The above information is only for information purposes and I'm not advocating one filler over another.
    Keep in mind that when you weld, the filler metal and the parent metal do not stay separated, they mix into a new alloy, somewhere between the parent and the filler. The majority of fuselages that were welded with gas used RG45 rod which is only 45ksi, far less that ER70. As stated by others, the welds never fail at the weld itself, but at the extent of the heat effected zone. 4130 is a heat treatable alloy, and if cooled to rapidly, will become brittle. For decades, we were cautioned against using electric welding with steel tube structures due to the suspected brittleness resulting from the rapid cooling. In A&P school even in the '70s, were were told that if you used TIG, you had to post treat by annealing (or normalizing) the joint. In recent years, that practice has gone by the wayside as everyone looks to motorsports and the success they have with chassis that aren't normalized after welding. Of course, most of them are heavier wall tubing, .058 or better while we are using .020, .032, and on rare occasions .049. If you are going to build something, use what has been tried and true, ER70 if TIG, and RG45 if gas welding. They work and provide joints that have stood the test of time.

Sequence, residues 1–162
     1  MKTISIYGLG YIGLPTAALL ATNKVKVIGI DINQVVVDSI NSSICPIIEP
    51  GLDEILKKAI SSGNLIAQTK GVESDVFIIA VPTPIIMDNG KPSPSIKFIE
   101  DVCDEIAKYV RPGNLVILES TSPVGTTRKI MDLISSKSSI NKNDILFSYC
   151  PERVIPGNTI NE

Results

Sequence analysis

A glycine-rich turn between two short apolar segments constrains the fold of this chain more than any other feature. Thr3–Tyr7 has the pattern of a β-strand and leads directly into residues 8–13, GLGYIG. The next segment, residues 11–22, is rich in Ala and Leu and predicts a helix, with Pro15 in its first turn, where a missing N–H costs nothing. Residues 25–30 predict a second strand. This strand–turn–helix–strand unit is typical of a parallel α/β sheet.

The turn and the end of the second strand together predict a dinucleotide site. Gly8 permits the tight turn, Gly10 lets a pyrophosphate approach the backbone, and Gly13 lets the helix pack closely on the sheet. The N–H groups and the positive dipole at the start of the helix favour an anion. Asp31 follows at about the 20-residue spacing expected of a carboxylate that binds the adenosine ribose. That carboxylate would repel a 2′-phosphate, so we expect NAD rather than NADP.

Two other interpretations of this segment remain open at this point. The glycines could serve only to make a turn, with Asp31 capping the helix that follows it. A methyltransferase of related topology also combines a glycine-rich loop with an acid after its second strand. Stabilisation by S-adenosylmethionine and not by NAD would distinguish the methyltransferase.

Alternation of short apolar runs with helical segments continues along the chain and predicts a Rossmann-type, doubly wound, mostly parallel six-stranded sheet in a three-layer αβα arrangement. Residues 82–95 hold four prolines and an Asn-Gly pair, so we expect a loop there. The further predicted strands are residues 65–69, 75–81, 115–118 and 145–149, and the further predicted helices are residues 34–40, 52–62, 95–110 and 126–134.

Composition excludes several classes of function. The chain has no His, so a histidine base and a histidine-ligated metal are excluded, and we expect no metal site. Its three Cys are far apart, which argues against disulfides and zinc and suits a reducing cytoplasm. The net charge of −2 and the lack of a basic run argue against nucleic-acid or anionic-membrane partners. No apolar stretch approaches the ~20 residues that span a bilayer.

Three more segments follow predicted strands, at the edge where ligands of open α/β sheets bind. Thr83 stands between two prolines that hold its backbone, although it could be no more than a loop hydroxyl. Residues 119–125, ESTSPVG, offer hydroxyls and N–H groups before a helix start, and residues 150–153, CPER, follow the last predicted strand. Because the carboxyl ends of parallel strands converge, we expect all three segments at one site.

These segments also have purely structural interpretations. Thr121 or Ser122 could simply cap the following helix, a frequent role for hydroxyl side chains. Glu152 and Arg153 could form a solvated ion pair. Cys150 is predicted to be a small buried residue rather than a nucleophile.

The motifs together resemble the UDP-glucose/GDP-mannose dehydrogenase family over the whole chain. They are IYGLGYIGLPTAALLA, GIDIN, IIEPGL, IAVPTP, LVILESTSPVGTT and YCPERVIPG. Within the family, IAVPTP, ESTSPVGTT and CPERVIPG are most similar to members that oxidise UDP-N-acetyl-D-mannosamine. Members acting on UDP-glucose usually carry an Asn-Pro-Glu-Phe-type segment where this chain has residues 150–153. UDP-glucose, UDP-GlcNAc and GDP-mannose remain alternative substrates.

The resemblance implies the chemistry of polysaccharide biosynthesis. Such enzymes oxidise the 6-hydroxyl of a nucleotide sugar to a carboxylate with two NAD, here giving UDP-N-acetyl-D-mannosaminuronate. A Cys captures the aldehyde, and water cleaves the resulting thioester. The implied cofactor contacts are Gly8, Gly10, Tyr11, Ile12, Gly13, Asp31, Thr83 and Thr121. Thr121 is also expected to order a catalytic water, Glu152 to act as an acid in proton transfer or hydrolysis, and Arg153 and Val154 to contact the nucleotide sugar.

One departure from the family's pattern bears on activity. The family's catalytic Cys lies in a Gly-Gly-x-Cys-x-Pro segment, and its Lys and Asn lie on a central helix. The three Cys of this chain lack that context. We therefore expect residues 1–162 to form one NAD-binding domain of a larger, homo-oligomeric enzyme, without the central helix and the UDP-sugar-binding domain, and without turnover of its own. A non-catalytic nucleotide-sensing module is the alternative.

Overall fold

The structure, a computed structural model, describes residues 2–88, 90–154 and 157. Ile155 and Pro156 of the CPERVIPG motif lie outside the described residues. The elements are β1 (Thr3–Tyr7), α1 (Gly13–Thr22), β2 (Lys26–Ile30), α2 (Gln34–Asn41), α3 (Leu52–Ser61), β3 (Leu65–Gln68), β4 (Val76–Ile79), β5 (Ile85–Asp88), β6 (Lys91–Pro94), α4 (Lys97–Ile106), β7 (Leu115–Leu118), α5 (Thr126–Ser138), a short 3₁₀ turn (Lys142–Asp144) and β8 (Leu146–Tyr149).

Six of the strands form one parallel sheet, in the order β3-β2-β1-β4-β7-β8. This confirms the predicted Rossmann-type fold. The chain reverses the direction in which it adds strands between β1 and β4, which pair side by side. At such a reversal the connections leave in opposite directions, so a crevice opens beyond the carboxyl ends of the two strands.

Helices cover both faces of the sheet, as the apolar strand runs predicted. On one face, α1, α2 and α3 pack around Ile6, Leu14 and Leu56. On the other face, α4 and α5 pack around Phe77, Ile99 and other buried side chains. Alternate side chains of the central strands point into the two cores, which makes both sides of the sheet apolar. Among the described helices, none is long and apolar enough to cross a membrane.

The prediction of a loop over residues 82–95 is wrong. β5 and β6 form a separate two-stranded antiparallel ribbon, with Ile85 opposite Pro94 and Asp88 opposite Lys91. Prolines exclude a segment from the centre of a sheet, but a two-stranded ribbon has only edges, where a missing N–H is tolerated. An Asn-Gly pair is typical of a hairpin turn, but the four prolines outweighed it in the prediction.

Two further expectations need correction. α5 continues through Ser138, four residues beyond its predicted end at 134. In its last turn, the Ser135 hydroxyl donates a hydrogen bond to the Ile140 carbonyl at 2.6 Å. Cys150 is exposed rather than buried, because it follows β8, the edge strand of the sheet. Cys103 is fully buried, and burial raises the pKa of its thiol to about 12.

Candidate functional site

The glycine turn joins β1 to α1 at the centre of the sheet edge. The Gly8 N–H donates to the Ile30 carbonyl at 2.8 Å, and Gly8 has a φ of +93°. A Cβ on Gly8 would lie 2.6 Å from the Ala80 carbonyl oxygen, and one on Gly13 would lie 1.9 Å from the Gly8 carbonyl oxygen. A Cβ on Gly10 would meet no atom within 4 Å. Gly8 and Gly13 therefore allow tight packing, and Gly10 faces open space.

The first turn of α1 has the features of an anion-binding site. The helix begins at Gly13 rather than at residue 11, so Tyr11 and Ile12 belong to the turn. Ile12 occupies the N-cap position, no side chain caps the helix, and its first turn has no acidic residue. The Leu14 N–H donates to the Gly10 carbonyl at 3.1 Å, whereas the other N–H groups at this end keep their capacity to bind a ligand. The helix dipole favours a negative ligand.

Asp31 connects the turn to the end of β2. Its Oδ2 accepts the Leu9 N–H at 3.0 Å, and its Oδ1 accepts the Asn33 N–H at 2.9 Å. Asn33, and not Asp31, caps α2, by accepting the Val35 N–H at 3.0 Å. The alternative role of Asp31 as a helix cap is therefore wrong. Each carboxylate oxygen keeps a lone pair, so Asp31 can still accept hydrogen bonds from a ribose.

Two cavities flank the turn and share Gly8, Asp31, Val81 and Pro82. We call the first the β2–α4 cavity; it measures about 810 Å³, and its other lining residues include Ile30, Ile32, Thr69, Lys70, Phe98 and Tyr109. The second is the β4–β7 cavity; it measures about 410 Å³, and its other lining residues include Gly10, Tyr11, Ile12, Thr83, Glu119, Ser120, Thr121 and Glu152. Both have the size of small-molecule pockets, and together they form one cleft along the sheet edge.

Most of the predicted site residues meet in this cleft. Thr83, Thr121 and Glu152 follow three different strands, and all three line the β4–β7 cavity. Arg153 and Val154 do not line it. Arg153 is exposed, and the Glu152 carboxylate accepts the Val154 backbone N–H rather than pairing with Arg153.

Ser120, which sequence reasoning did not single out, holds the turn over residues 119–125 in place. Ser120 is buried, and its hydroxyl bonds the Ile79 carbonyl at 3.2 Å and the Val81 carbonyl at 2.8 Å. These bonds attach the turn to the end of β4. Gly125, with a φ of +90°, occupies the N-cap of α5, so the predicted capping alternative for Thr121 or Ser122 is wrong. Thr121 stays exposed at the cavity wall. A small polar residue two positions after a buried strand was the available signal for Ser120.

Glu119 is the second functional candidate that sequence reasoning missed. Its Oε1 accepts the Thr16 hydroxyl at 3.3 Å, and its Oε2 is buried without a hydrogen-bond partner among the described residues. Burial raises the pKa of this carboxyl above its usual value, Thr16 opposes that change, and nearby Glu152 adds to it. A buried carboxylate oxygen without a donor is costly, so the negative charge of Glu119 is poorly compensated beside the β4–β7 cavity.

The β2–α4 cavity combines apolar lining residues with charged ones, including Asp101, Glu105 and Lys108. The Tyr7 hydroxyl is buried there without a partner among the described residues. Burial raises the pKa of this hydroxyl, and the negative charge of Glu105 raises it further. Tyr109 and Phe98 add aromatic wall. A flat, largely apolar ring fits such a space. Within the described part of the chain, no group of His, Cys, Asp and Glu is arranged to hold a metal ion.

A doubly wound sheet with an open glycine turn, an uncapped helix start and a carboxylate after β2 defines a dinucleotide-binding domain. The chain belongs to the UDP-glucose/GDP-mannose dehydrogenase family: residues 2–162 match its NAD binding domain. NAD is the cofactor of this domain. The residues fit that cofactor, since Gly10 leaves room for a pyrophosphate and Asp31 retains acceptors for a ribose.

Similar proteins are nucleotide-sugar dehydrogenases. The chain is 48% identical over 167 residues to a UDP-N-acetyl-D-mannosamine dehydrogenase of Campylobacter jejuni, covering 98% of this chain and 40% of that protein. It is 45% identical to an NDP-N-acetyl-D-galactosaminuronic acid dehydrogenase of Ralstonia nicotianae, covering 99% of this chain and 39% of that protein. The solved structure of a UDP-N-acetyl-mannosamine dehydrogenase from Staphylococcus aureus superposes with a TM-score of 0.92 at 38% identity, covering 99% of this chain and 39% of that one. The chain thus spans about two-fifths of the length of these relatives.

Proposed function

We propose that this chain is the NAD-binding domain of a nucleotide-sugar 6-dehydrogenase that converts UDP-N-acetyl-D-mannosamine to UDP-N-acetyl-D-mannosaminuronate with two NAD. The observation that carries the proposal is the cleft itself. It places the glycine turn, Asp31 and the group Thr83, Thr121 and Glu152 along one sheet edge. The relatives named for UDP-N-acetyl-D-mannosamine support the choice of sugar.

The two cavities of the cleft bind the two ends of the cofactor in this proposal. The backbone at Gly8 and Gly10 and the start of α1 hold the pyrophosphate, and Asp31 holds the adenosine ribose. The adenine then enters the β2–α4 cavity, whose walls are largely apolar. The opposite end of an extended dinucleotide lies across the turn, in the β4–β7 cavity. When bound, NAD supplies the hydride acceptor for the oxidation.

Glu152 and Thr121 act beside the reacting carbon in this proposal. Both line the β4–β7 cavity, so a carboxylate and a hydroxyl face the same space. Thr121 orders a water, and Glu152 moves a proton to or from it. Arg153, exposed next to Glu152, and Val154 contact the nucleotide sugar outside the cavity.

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    Quote Originally Posted by Aeronut View Post
    I wanted to tie up a few loose ends on this thread and add some more information that I found in case anyone references it in the future.

    In the following article Lincoln Electric recommends using ER80S-D2 in that it is capable of producing welds that approximate the strength of 4130. The article acknowledges ER70S-2 and ER70S-6 as acceptable alternatives but with lower weld strength. It also states that the use of ER70S-2 and -6 will typically undermatch the 4130. However, they state that proper structural design considerations may mitigate this.